Aren’t moms supposed to be wonderful, nurturing caretakers who always find joy in attending to the needs of their children? I can assure you that not every day looked like that at my house.

Since we’ve settled into the school routine, we’ve rediscovered that joy and relaxed play time that we had been struggling with the past year or so. I have less anxiety about her being away from me all day and I’m less worried about making sure she knows enough to start school.

Her teacher tells me she is right on target for her grade level and I’ve noticed her language, writing and drawing have accelerated dramatically since she started school.

I can’t help but feel a little sad and sentimental when I can see my baby growing up right before my eyes, but I’m so proud of the sweet, enthusiastic little person she is.

I have to admit that I’ve felt guilty for not talking about her more in my posts. I was chosen for Season 7, at least in part, because I was transitioning from full-time momma to the next phase. Naturally, that should include talking about said little person some of the time.

But I crave things that are mine alone. I don’t want being a mom to completely define me. I want to figure myself out so I can be the focused, passionate, fun-loving momma she deserves. {Hopefully you don’t think I’m rude for making this more about me!}

When I was thinking about how much Kaitlyn has grown up in such a short time, it struck me that I’ve had a transformation of my own. I’m nowhere near done with my journey of self-discovery, but having time apart seems to have benefitted us both immensely.

I can’t even express how excited I am about all my recent discoveries. I really hope I can continue on this path because I finally feel like I’m on the right one. Such a great feeling!

I’m still working on losing the guilt. I don’t know how I got to this place where I feel guilty about the way I behave. I’m a good momma to the little person. She is well taken care of, she knows she is loved. Maybe it’s the perfectionist in me or maybe I’m letting perceived societal pressure get to me – whatever the reason, I really want to stop with the guilt already.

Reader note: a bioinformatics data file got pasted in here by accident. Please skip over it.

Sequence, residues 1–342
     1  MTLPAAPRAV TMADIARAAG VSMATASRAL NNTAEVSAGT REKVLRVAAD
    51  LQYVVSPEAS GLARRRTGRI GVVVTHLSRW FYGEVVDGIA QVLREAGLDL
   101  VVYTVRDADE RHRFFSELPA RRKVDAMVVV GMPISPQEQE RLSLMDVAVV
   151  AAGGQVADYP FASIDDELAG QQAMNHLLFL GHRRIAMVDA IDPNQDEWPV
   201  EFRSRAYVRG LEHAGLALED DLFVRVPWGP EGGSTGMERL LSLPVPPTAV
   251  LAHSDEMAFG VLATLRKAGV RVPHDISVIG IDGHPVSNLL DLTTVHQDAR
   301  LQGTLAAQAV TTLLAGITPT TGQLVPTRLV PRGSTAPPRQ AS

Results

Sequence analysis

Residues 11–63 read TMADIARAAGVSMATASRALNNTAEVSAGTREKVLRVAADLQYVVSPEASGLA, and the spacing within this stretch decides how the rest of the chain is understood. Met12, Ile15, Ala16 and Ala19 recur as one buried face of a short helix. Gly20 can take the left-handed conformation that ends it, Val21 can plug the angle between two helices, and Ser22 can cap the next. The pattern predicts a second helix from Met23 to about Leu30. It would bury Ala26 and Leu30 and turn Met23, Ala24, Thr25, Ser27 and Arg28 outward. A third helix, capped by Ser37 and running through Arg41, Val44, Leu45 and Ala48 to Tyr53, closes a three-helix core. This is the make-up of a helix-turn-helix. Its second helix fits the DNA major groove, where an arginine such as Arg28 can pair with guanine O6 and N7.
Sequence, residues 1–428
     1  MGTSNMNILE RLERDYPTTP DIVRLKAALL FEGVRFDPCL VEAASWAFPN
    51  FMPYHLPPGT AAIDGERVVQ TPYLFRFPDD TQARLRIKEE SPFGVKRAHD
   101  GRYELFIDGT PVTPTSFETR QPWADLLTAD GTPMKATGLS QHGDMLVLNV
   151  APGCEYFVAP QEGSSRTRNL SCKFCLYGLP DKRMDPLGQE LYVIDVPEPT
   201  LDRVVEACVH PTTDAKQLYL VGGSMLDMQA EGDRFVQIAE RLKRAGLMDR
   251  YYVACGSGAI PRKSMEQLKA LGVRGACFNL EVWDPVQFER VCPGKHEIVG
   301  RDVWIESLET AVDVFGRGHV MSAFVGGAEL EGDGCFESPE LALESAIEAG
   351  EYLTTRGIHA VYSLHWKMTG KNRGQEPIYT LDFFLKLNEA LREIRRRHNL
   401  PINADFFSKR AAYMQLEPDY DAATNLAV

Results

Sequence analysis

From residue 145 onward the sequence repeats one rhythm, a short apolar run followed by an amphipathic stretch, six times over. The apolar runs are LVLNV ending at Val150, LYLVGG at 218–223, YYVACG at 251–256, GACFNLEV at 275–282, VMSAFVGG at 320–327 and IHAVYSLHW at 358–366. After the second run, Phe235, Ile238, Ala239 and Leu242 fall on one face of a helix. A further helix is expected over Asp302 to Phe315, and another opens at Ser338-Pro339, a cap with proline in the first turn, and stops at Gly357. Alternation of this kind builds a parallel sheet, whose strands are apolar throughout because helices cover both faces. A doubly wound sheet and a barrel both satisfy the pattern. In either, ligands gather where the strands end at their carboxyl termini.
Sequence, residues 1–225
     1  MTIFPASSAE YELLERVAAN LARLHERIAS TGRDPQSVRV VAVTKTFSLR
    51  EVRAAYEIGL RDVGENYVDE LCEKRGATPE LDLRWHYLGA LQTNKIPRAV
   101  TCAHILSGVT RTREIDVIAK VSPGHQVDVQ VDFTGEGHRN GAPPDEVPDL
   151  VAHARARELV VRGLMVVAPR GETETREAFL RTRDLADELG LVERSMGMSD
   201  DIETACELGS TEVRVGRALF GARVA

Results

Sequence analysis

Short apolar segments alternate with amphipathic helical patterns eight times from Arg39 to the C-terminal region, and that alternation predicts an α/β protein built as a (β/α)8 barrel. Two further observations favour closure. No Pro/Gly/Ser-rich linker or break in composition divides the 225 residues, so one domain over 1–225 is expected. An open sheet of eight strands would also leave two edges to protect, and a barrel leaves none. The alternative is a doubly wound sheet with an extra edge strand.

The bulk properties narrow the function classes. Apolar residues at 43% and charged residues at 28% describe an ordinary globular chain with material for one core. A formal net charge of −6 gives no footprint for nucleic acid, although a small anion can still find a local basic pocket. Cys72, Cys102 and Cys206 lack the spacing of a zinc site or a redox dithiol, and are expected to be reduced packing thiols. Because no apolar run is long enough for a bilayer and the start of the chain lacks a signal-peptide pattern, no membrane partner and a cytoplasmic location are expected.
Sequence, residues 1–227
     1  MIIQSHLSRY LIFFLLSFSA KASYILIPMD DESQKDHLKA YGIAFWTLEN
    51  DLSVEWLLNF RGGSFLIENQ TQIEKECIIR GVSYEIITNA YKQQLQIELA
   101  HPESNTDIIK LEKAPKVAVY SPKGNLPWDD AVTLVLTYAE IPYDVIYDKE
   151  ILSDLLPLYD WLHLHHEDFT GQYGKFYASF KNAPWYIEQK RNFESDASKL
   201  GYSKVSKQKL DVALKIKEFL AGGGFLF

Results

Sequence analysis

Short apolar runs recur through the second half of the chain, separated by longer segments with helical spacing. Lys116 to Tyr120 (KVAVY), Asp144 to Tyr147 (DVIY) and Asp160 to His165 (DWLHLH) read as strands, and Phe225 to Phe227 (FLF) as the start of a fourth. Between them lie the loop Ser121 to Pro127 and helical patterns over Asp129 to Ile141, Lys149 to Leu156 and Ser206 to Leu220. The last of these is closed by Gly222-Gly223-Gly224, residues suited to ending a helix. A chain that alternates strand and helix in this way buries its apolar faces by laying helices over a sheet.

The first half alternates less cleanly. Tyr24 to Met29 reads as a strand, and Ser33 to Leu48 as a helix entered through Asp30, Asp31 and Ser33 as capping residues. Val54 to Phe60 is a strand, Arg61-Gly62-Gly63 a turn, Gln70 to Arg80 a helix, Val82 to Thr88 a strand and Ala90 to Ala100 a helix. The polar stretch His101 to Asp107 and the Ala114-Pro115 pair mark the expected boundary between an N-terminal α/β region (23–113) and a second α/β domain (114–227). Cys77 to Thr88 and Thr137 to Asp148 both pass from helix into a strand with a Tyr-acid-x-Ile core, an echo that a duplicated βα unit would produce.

I would much rather set an example of a strong woman who boldly chased her dreams instead of hiding my authentic self away in favor of being a stepford mom.

Image via: ME!

A couple weeks ago I crossed an item off of my life list – I traveled my happy little rear end to Chicago and ran in the Color Run  – well actually I walked because of my whole chest pain saga, but that’s just a minor detail. My color walk was still so freaking awesome!

What made it even better is that my brother flew in from Texas and my sister and her husband drove up with me to pick him up. We all stayed the night and then got up bright and early Sunday morning to join all the other color runners for the most amazing organized run I’ve ever done.

It really is the Happiest 5K on the Planet!

It had rained the entire night before the 5K, and the ground was seriously wet in the morning. But for those couple of hours we were wandering around downtown Chicago – the weather couldn’t have been much better.

Going through the color zones was just fun – you couldn’t help but smile and get caught up in the moment. We were covered in color from head to toe {even inside of our clothes and shoes we discovered!}, but we were like little kids in a sprinkler or something. So carefree and joy-filled.

Of course there were parts of the trip that didn’t go as well – like the near constant rain, the insane tsunami-like storm that hit while we were lost in downtown Chicago, my annoying chest pain and subsequent 8pm bedtime after we arrived. But those minor hiccups were offset by the many more good parts of the trip.

I can’t begin to express to you how much I love my siblings – they are awesome!

It’s amazing that we get along as well as we do, really. I’m 32 and they are 21 and 22, but somehow it works. We laugh at inappropriate things, act completely ridiculous, make fun of each other nonstop and just generally have a good time.

During the week after the trip, I got to thinking about the weekend and it hit me – these are the moments that I have been missing in my life. I don’t plan many of these trips because I inevitably feel guilty leaving the little person at home, or tell myself I shouldn’t spend too much money on selfish things.

Even though I had been trying to do more things for myself, I was still allowing myself feel guilty about them – like I didn’t deserve to have fun if she wasn’t with me. But not this time! I can honestly say that I had a fabulous time in Chicago – sans guilt!